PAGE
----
We can recover average reservoir pressure from shut-in periods for producers and injectors using well test analysis. Plotting reservoir pressure versus time for different wells will help to monitor the recovery process in the reservoir.
Calculate reservoir pressure with well test analysis
There are several ways to calculate an average reservoir pressure from a PBU/PFO test.
Using a mathematical value P*:
In the superposition plot, the intercept of the straight line defining radial flow regime with the pressure axis will give a mathematical value called P*.
If the same production time tP is used for every PBU test (ideally the time to reach pseudo-steady state or longer), the evolution of P* over time will reflect the evolution of reservoir pressure over time.
Radial flow regime needs to be highlighted with a straight line on the superposition plot. Then P* is obtained with its intercept with the pressure axis. Please note that the straight line is the radial flow regime straight line, which defines permeability and total skin. It is not an extrapolation from the final data points on the superposition plot.
The same process can be repeated for a different PBU test, keeping a constant production time. The difference in P* over the two PBU tests would indicate reservoir depletion.
Comment on P* method:
The P* method is a simple extrapolation of the radial flow straight line on a superposition plot, without the need to define a drainage area. For a single well with small cumulative production volume in a reservoir of infinite extent, the P* value should be equal to initial pressure. For a long term production in a reservoir with multiple producers and injectors, the evolution of P* over time would approximately represent the evolution of average reservoir pressure around a well.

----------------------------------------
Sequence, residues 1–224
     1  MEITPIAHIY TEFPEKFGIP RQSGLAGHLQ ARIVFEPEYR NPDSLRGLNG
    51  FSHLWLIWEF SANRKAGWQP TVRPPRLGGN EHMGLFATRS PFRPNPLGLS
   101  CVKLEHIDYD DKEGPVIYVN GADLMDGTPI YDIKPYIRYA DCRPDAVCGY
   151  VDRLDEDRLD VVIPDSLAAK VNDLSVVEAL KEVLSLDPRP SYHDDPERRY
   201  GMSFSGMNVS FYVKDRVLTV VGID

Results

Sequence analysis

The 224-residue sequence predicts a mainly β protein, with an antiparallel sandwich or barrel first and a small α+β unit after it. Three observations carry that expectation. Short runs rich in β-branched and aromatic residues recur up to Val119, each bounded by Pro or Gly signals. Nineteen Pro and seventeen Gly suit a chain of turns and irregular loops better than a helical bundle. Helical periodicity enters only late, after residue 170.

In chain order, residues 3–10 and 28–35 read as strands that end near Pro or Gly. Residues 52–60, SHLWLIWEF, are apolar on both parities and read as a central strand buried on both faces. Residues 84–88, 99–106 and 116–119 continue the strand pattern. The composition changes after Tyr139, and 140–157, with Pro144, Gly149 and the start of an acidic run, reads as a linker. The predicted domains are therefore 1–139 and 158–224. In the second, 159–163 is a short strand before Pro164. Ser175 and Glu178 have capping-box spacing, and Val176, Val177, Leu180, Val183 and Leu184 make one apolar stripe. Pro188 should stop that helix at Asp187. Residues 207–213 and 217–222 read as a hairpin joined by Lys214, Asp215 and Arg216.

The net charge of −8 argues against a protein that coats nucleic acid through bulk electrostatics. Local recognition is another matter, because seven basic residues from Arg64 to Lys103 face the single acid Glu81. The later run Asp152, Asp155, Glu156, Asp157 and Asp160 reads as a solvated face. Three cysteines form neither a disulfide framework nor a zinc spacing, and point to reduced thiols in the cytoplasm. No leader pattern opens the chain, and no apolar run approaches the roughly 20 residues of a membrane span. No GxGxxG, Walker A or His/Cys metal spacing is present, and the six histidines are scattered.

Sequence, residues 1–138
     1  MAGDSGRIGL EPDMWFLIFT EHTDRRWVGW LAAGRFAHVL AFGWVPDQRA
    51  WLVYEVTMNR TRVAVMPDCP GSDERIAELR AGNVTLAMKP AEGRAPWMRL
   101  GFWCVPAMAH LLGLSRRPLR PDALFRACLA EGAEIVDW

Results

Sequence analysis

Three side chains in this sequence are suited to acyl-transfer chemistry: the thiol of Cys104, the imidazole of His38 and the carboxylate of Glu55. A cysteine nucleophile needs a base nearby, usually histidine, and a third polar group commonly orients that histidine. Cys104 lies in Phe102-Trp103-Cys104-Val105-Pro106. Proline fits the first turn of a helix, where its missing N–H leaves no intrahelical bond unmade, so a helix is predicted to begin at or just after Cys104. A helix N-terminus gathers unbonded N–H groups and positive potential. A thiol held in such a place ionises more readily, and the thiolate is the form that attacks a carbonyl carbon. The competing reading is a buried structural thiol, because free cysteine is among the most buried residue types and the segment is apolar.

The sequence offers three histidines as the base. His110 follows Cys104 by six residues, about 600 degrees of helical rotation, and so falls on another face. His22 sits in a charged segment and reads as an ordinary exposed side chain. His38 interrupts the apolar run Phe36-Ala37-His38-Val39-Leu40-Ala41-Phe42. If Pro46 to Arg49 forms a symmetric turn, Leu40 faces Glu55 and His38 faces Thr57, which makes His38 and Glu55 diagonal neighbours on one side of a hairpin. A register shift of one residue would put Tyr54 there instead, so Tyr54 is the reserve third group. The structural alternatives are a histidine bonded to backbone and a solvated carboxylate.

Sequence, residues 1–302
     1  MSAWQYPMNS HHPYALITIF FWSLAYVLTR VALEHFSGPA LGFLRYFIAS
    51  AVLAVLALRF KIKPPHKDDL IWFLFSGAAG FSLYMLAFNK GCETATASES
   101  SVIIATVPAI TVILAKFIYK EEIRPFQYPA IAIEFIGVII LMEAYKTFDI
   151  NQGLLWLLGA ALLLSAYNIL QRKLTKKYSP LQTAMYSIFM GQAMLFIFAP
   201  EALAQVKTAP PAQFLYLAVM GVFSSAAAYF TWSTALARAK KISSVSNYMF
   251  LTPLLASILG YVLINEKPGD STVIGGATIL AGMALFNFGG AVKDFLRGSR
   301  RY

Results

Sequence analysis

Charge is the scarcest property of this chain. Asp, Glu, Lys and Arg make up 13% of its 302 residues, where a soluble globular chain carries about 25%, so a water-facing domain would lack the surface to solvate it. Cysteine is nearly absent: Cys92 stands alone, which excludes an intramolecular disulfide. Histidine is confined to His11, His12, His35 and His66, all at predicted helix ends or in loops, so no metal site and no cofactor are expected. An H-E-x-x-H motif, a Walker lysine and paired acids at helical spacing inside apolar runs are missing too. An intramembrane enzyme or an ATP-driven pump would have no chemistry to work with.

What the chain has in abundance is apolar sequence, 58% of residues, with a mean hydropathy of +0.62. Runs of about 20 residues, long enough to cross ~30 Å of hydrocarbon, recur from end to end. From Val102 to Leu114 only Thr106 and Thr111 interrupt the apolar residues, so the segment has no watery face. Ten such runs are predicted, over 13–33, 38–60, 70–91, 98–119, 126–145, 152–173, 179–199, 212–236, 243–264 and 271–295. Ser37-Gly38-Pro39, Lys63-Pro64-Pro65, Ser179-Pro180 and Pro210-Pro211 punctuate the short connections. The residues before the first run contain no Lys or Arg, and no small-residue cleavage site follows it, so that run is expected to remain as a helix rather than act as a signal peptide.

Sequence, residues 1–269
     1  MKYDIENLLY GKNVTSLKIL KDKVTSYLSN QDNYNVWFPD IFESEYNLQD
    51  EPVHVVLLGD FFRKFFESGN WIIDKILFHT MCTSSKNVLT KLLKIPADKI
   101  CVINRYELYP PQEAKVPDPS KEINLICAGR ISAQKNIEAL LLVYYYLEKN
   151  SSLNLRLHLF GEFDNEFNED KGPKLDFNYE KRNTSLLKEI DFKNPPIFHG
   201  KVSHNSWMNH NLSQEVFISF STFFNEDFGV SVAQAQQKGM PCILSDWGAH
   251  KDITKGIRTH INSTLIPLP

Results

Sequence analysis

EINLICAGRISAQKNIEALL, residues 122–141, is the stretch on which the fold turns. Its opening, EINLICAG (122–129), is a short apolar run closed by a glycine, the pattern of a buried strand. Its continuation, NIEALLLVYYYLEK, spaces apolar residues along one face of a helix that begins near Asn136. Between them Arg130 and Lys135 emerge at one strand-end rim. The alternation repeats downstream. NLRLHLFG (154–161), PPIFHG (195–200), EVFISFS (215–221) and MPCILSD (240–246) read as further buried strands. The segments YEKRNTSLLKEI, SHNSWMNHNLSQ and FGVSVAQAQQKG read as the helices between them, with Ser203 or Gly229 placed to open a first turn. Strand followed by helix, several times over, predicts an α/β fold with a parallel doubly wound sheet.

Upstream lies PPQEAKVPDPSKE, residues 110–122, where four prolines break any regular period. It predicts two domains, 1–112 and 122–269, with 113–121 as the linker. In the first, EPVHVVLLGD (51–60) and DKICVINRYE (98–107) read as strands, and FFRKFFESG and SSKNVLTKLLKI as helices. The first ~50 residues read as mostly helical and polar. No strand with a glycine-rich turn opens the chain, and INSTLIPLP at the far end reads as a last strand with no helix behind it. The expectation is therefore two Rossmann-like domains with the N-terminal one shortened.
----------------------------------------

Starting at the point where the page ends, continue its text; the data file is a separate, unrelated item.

However the P* method has a number of limitations. First, P* does not represent the reservoir pressure of any defined drainage area. It might over-estimate the reservoir pressure around a production well, which could have some consequences for the voidage replacement strategy. Also, it is difficult to use these pressure values for calibration of reservoir simulation models, since those models require input of pressures in specified volumes. Then, the P* method requires some data handling before each PBU to ensure that the same production time is used.
Finally, the difference between the true reservoir pressure and P* depends on the rate before the PBU. So if the rate is not the same before each PBU, the evolution of P* over time won’t reflect the evolution of reservoir pressure over time.
This is why the second method below is preferred.
Using a fixed drainage area and the MBH method:
The MBH (Matthews, Brons, Hazebroek) method estimates average reservoir pressure for a PBU test given the reservoir drainage area and well location.
A reservoir drainage area has to be defined around the well and kept constant for any evaluation of average reservoir pressure. The drainage area may not be correct but the evolution of the average reservoir pressure over time should be. To help define the drainage area, we should use the nearest boundaries that are identified in well test analysis and mid-distances between neighbouring wells.